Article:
End Distracted Driving

August 19, 2015 | By R. Brendan Dummigan of Pickett Dummigan LLP

Authored by Chris Larsen

As the end of summer nears and kids go back to school, it’s time to redouble our efforts to end distracted driving. Distracted driving is doing anything that takes your attention away from driving. Many people think of driving while talking or texting on a cellphone as the main type of distracted driving. That’s certainly a big cause, although things such as reaching to adjust your radio or CD player, eating and drinking, looking at a map on your navigation system or grooming can be just as distracting. Looking away from the road ahead – even just for a few seconds — can be the difference between crashing or being able to quickly react in a constantly changing environment. Driving should command our entire attention, especially in dense urban environments when other more vulnerable road users are present. The National Highway Traffic Safety Administration (NHTSA) reported that in 2012 driver distraction was the cause of 18 percent of all fatal crashes – with 3,328 people killed – and crashes resulting in an injury – with 421,000 people wounded. We call them “crashes” for a reason: “accident” implies that it could not have been prevented, but the fact is that most crashes are preventable.

We believe that the best way to end distracted driving is to do our part in educating our community about the danger it poses.

End Distracted Driving

(Pictured: Attorney Chris Larsen educating kids about traffic safety)

According to the Centers for Disease Control and Prevention (CDC), 10% of all drivers under the age of 20 that were involved in fatal crashes were reportedly distracted. This represents that largest age group of distracted drivers. These are our children, our friend’s children, our community’s children.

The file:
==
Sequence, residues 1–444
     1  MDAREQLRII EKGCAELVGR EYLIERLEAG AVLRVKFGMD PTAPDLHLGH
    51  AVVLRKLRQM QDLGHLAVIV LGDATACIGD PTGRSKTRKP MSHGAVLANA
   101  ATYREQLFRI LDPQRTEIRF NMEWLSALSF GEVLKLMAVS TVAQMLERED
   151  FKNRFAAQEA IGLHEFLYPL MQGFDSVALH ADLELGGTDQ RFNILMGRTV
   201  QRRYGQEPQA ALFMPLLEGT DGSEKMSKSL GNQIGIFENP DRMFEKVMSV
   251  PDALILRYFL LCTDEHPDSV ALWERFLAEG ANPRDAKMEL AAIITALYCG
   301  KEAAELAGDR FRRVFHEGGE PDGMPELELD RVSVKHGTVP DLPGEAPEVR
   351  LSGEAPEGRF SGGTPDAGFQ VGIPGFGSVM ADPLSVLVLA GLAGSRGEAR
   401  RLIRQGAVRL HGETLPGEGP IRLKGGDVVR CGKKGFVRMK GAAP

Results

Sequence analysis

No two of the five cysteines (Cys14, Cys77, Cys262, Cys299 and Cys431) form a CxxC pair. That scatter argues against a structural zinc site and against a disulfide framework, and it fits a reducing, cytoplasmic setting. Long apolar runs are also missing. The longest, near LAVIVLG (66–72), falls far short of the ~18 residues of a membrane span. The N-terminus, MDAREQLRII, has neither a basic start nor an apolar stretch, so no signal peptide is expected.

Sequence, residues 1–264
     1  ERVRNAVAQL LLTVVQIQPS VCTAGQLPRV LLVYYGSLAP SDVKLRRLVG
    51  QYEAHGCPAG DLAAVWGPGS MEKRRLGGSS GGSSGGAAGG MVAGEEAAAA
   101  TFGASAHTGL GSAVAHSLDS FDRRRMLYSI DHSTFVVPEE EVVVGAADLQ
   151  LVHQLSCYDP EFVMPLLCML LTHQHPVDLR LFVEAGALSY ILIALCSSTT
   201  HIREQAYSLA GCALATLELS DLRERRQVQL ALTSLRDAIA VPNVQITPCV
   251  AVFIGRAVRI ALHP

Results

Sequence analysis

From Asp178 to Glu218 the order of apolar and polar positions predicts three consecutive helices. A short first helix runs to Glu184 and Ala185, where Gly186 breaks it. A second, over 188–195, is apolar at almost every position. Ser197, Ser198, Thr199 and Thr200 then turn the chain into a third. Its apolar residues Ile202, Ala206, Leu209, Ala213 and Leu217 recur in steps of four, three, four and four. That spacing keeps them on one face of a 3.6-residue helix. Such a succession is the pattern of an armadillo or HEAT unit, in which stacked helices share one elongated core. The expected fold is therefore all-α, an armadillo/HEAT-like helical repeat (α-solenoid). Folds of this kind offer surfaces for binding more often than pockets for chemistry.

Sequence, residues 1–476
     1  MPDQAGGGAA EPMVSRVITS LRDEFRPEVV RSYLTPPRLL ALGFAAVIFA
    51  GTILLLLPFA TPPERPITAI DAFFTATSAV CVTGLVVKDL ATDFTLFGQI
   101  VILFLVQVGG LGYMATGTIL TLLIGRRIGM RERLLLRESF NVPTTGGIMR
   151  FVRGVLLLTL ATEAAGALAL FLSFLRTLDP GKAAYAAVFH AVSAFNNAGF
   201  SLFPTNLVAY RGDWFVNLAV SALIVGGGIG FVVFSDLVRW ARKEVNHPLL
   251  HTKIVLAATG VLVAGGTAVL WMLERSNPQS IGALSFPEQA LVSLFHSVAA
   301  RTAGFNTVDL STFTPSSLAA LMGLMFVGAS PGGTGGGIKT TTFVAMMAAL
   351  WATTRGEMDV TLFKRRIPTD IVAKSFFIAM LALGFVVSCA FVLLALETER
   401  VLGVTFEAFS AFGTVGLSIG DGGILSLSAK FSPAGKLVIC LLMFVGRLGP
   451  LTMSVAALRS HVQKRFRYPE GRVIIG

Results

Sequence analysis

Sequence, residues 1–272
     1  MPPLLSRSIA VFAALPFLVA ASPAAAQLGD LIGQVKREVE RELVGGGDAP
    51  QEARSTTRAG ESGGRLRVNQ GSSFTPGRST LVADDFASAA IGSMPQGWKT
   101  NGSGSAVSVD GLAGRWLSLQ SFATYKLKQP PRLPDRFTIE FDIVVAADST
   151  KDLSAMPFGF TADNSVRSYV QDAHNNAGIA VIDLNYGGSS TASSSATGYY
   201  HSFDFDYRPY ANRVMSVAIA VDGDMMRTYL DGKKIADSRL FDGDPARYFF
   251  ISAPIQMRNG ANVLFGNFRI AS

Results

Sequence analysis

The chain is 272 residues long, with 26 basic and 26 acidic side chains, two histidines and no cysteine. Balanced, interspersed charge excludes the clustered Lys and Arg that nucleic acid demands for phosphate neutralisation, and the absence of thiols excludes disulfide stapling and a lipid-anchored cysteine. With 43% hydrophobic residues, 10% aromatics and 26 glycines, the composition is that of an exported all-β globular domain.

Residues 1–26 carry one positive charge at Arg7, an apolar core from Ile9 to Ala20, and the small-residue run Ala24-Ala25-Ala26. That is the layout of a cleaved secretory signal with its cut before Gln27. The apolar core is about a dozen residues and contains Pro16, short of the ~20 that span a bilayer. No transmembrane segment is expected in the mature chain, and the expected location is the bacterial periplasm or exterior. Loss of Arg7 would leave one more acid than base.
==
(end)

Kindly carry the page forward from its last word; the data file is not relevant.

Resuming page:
The statistics are helpful in telling part of the story:

▪ The Virginia Tech Transportation Institute found that text messaging creates a crash risk 23 times worse than driving while not distracted.

▪ 40% of American teens say they have been in a car when the driver used a cell phone in a way that put people in danger, according to a Pew survey, and 11% of drivers aged 18 to 20 who were involved in an automobile accident and survived admitted they were sending or receiving texts when they crashed.

▪ NHTSA acknowledges that there are inherent limitations in all the crash data, which consequently makes distracted driving under-reported.

For all the tragic stories that we hear about lives being lost due to texting and talking on cell phones, there are countless untold stories of near misses and tragedies narrowly averted. And for some those who have lost loved ones due a distracted driver, they are taking action. Like Joel Feldman, an attorney in Philadelphia who lost his 21-year old daughter, Casey, six years ago. That driver chose to take his eyes off the road to reach for something in his van, rolled through a stop sign, and struck Casey after she had already crossed one lane of traffic in the crosswalk, close to reaching the curb. Mr. Feldman is the founder of End Distracted Driving, recognized as one of the most effective distracted driving presentations by the Governors’ Highway Safety Association. Find out more at www.EndDD.org.

We are continuing to do our part in educating all road users in our community about traffic law and safety, including distracted driving, through the Share the Road Safety Class (SRSC) hosted at Portland’s Legacy Emanuel Hospital. More information can be found at: http://www.pickettdummigan.com/blog/2012/07/share-the-road-safety-class.shtml .

If you’d like to have your young driver attend the 2-hour SRSC, please call or email me (chris@pickettdummigan.com) and I’ll be happy to get them registered.

Let’s make this new school year a safe and happy one for our kids and our community

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